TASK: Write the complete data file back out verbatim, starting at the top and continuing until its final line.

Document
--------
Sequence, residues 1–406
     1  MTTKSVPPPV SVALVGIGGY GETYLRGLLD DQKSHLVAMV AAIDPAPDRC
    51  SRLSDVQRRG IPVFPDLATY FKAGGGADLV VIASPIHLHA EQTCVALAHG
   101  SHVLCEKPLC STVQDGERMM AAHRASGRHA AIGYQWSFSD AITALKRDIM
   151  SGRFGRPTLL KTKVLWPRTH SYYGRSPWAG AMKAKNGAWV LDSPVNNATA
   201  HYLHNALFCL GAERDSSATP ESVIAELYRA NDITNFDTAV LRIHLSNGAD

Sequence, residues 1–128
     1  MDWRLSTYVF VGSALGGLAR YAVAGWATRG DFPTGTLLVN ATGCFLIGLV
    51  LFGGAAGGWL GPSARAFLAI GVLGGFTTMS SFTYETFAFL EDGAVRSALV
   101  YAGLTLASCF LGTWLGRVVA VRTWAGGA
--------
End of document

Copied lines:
Sequence, residues 1–406
     1  MTTKSVPPPV SVALVGIGGY GETYLRGLLD DQKSHLVAMV AAIDPAPDRC
    51  SRLSDVQRRG IPVFPDLATY FKAGGGADLV VIASPIHLHA EQTCVALAHG
   101  SHVLCEKPLC STVQDGERMM AAHRASGRHA AIGYQWSFSD AITALKRDIM
   151  SGRFGRPTLL KTKVLWPRTH SYYGRSPWAG AMKAKNGAWV LDSPVNNATA
   201  HYLHNALFCL GAERDSSATP ESVIAELYRA NDITNFDTAV LRIHLSNGAD

Sequence, residues 1–128
     1  MDWRLSTYVF VGSALGGLAR YAVAGWATRG DFPTGTLLVN ATGCFLIGLV
    51  LFGGAAGGWL GPSARAFLAI GVLGGFTTMS SFTYETFAFL EDGAVRSALV
   101  YAGLTLASCF LGTWLGRVVA VRTWAGGA